Press Statement by James B. Foley, Deputy Spokesman
August 25, 1999
The Department released today Foreign Relations of the United States, 1964-1968, volume XXXIV, Energy Diplomacy and Global Issues. This volume, part of the ongoing official published record of American foreign policy, presents the documentary record of U.S. policy toward newly-emerging issues, such as space flight, the technology gap, world population growth, human rights, and the hijacking of civilian airliners, in addition to the 1967 oil embargo and the rise of OPEC.
The volume provides a unique insight into President Johnson's hopes of internationalizing the "Great Society." In the early days of his administration, the goals were expansive, whether the arena was lunar exploration, efforts to use technology to raise the living standards of the destitute poor, or the possibility of beaming education to all direct from space. As Vice President Hubert Humphrey said in 1965, "We can put a man on the moon at the same time as we help to put a man on his feet." Many of the dreams were only partially realized and some were outright failures, but the optimism and the powerful belief that Americans could and would solve these problems left an important legacy.
The volume provides in-depth documentation on several foreign policy issues, including the 1967 Oil Embargo when, despite warnings from friendly Arab leaders, U.S. support of Israel in the Six-Day War led to a shutdown of crude oil shipments. In the wake of the war, OPEC's negotiating stance hardened and some of its member states moved to nationalize oil company assets. Western access to oil was no longer assured, and U.S. diplomats worked to ensure a unified Western response.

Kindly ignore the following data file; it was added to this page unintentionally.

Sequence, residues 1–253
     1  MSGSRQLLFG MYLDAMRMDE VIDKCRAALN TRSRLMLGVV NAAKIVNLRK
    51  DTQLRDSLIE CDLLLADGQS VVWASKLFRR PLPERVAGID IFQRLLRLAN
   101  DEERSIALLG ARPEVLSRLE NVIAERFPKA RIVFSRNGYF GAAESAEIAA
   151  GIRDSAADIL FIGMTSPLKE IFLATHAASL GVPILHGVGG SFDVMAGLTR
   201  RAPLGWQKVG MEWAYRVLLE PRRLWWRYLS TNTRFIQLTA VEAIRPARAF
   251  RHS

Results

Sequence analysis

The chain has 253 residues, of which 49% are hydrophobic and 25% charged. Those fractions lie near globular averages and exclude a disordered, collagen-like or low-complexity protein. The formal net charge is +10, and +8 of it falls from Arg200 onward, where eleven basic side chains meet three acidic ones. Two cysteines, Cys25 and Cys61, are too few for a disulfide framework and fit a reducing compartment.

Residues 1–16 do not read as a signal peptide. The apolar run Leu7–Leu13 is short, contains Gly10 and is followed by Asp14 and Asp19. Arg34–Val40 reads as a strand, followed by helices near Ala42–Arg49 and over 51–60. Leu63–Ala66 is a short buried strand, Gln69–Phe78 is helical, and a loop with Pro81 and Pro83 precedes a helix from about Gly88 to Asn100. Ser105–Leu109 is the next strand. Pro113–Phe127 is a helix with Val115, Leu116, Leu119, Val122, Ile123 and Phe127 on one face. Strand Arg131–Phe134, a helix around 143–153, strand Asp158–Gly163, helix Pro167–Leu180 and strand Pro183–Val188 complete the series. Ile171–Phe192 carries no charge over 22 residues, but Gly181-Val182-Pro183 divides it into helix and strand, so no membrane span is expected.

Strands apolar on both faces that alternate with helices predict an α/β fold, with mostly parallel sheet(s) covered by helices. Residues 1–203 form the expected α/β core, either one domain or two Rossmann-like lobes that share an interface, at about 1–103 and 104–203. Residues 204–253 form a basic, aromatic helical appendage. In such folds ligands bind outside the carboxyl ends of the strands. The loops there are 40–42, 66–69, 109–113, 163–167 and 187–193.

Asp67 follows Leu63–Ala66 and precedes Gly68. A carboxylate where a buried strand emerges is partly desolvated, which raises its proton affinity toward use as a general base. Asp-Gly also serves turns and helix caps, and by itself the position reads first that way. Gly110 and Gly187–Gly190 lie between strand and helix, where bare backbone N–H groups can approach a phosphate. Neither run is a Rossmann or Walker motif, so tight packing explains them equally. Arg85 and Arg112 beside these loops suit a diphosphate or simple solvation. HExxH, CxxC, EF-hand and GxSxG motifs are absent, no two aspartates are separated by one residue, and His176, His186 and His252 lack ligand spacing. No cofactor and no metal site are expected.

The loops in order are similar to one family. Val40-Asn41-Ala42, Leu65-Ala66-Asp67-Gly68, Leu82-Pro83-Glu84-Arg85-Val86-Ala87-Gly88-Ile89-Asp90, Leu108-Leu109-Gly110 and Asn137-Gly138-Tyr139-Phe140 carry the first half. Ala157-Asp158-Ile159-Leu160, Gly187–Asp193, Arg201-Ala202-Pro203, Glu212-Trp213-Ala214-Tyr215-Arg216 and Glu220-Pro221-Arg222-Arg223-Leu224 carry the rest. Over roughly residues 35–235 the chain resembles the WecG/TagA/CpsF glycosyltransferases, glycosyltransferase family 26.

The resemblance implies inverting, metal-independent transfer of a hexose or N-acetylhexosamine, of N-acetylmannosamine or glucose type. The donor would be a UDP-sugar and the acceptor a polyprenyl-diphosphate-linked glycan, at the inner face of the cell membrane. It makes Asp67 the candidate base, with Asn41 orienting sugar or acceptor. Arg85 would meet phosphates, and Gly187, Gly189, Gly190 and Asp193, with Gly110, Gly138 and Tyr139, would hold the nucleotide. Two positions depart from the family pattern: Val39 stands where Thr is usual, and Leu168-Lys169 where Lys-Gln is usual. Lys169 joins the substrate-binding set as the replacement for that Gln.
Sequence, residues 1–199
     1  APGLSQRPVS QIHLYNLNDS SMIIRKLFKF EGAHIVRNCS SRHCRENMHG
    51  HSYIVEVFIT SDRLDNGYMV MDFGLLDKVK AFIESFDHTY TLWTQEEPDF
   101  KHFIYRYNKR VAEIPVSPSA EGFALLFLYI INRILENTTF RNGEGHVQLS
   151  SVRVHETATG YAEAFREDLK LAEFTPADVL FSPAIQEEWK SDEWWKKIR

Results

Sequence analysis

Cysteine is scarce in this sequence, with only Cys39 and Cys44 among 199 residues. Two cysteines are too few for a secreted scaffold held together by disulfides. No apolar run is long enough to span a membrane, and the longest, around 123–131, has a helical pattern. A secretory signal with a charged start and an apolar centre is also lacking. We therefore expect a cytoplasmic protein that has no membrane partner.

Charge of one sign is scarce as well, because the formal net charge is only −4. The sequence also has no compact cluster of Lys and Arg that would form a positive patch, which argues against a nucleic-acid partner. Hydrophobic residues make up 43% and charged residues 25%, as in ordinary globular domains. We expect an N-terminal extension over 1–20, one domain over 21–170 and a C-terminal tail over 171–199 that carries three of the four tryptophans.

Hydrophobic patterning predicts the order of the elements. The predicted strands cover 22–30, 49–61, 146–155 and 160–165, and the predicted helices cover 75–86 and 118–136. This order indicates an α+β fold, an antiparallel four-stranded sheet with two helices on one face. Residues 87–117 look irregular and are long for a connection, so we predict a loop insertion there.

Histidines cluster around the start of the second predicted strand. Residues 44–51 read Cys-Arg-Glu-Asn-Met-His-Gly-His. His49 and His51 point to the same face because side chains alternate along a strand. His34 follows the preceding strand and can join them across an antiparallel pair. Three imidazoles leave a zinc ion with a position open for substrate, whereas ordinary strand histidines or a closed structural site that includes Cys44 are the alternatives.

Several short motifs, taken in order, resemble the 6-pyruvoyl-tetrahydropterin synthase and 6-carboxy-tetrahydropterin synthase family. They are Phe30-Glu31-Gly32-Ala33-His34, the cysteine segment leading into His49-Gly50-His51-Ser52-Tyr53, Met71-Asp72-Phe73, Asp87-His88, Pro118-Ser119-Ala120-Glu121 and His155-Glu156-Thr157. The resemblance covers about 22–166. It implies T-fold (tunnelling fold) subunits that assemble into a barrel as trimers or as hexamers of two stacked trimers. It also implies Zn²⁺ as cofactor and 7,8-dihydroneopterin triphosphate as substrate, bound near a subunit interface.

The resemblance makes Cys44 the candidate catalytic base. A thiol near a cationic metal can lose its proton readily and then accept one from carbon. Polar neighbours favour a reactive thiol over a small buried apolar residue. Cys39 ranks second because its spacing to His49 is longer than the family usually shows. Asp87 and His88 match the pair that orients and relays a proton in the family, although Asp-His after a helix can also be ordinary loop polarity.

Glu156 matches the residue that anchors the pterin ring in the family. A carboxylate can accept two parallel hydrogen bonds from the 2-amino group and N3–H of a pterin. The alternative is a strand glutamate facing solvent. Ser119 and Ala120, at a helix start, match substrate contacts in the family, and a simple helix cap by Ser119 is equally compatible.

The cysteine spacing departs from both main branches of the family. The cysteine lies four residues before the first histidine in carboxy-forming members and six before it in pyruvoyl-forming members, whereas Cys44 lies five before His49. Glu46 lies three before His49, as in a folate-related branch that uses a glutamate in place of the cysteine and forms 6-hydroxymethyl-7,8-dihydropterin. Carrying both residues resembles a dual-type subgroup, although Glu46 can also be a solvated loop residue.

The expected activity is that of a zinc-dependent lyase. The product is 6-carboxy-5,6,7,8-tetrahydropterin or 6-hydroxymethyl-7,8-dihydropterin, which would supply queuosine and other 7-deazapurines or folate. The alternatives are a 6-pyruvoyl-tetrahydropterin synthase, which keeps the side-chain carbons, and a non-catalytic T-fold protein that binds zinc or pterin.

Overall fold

Other issues documented are the Johnson administration's concerns about unrestrained population growth as a major threat to economic advancement in the developing world; the "technology gap;" the foreign policy implications of the U.S.-Soviet space race; competition over development of the next generation of aircraft, specifically the SST and Concorde; development of communications satellites and INTELSAT; President Johnson's Water for Peace program and the use of atomic energy to power desalination plants in the Middle East; U.S. policy toward the hijacking of civilian aircraft; and U.S. human rights policies, as race and human rights emerged as factors in international diplomacy.